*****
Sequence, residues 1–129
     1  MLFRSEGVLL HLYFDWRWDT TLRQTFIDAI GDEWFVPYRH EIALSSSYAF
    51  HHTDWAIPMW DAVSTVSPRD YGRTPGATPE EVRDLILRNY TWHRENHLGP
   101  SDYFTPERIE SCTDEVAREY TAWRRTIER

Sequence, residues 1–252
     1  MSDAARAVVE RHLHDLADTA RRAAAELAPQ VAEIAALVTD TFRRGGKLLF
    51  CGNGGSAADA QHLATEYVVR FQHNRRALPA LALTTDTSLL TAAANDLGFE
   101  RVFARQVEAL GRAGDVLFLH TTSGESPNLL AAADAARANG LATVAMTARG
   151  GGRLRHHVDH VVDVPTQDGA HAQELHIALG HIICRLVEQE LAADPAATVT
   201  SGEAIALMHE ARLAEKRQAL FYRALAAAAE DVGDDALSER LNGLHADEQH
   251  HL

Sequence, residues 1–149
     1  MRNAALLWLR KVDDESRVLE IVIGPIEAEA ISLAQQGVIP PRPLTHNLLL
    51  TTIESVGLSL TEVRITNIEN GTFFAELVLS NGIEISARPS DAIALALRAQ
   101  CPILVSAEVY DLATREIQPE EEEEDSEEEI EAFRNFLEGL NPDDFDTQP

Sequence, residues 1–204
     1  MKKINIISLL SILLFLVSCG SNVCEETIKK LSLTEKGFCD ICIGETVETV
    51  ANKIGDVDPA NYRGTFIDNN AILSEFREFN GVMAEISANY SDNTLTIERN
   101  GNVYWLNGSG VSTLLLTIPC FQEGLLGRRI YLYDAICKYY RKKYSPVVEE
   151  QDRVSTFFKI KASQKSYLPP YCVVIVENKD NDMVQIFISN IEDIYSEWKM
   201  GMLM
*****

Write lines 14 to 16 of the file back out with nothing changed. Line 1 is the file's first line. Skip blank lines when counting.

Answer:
    51  TTIESVGLSL TEVRITNIEN GTFFAELVLS NGIEISARPS DAIALALRAQ
   101  CPILVSAEVY DLATREIQPE EEEEDSEEEI EAFRNFLEGL NPDDFDTQP

Sequence, residues 1–204